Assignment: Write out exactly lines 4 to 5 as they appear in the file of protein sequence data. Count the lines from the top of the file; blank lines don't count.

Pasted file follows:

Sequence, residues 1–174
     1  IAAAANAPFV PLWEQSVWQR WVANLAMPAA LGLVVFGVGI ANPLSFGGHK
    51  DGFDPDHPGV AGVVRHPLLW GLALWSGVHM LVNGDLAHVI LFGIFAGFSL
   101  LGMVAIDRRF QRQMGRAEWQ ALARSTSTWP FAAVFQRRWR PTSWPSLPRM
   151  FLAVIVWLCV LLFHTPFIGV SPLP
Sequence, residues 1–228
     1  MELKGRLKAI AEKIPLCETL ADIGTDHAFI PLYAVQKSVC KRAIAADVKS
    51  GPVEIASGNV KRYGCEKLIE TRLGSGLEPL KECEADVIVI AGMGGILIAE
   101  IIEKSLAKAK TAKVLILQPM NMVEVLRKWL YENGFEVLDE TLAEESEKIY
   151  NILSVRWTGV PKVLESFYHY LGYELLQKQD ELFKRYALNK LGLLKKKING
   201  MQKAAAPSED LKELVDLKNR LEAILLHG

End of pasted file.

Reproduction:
   101  LGMVAIDRRF QRQMGRAEWQ ALARSTSTWP FAAVFQRRWR PTSWPSLPRM
   151  FLAVIVWLCV LLFHTPFIGV SPLP